When it comes to controversial speakers, UF invokes this necessary authority in order to hold events at a time and location that maximizes the chance that an event will proceed successfully and that the campus community will not be made unsafe. UF heeds its police department’s assessment of how best to hold safe and successful events.

The university might invoke its time, place and manner discretion, for example, to ensure that an event with a highly controversial speaker would be held in a venue that the campus police force believes to be protectable (e.g. one with an ample number of exits, with the ability to be cordoned off, without floor to ceiling glass, etc.).

How does UF handle requests from outside speakers?

When UF receives requests from outside speakers to rent campus space, the administration reviews those requests based on the appropriate facility use policies. The university has a long history of welcoming speakers with a wide range of viewpoints; there is no process to review the remarks of outside speakers. However, the administration reserves the right to decline or cancel any event if officials determine it poses serious safety risks and imposes an imminent threat of violence to campus.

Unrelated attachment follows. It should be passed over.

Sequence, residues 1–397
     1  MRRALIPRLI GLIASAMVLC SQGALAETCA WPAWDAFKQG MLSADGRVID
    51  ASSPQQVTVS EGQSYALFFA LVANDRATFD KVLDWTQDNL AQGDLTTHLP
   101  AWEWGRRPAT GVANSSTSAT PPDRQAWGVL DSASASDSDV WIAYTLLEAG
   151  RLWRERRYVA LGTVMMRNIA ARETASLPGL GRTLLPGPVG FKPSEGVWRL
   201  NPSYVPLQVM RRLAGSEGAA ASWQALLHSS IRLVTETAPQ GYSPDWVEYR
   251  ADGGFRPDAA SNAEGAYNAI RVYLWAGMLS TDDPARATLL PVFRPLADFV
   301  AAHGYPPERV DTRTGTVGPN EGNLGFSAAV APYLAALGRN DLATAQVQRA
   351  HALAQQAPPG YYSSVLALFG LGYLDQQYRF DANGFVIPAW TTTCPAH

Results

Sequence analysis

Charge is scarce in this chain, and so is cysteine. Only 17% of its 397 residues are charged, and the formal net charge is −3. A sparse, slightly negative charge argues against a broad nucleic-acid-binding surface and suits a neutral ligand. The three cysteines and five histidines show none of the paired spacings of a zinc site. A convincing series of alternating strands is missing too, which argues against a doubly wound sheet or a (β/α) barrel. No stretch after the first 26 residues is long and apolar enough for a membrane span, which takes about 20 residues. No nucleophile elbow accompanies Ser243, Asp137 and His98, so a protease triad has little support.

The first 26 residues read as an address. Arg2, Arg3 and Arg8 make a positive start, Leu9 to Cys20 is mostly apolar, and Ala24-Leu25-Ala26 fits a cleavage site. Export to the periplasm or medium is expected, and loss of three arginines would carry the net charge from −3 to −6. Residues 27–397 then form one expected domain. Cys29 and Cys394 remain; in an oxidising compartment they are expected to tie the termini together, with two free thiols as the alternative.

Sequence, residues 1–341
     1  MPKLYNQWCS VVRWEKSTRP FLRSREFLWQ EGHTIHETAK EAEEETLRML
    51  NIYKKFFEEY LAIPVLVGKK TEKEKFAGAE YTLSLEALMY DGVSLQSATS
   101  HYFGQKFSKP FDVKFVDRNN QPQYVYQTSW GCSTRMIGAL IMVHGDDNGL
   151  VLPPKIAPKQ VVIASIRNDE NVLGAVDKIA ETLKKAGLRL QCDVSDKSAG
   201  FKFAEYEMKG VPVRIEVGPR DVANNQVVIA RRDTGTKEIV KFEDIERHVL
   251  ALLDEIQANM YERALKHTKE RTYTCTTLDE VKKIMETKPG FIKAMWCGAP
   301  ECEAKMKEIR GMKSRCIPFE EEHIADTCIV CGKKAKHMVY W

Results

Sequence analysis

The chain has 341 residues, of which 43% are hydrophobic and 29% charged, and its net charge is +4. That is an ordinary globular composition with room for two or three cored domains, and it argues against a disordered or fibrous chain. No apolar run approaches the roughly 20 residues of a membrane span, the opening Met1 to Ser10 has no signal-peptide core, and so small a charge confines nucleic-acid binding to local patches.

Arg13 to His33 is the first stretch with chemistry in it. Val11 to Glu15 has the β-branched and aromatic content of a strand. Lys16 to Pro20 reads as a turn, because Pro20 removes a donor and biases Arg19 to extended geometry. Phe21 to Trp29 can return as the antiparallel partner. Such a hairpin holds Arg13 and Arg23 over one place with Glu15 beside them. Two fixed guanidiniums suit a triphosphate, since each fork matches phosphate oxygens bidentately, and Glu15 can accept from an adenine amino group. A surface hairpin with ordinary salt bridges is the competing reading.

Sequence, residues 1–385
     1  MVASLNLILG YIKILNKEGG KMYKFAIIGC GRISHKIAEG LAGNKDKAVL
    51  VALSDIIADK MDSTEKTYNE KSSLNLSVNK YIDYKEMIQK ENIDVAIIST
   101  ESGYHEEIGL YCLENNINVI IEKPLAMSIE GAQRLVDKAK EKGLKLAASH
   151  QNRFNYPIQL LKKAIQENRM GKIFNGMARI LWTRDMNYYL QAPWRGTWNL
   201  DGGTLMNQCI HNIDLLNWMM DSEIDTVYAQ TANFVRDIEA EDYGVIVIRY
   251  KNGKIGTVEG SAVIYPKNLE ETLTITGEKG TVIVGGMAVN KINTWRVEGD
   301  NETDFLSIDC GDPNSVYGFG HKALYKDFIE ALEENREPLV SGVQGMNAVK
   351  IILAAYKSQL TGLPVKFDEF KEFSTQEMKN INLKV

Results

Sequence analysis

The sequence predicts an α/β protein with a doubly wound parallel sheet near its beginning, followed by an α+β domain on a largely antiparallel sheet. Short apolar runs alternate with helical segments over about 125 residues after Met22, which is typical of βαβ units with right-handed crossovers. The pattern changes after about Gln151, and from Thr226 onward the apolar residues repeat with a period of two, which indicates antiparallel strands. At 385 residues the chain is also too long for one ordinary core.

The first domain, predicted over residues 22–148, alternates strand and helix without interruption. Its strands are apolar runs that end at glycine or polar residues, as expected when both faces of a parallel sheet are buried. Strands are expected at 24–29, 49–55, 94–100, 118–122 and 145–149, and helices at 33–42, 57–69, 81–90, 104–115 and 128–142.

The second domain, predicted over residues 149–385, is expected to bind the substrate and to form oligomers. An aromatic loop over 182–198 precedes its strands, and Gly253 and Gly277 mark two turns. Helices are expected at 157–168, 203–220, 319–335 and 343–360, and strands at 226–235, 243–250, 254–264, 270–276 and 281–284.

Which types of speech are not protected by the First Amendment?

The Constitution guarantees freedom of speech by default, placing the burden on the state to demonstrate whether there are any circumstances that justify its limitation. When it comes to controversial speakers delivering remarks on campus, the relevant exceptions to the First Amendment that have been established are:

  • Speech that would be deemed a “true threat”: Speech that a person reasonably would perceive as an immediate threat to his or her physical safety is not protected by the First Amendment. For example, if a group of students yelled at a student in a menacing way that would cause the student to fear a physical assault, such speech would not be protected.
  • Incitement of illegal activity: There is no right to incite people to break the law, including to commit acts of violence. To constitute incitement, the Supreme Court has said that there must be a substantial likelihood of imminent illegal activity and the speech must be directed to causing imminent illegal activity. For example, a speaker on campus who exhorts the audience to engage in acts of vandalism and destruction of property is not protected by the First Amendment if there is a substantial likelihood of imminent illegal activity.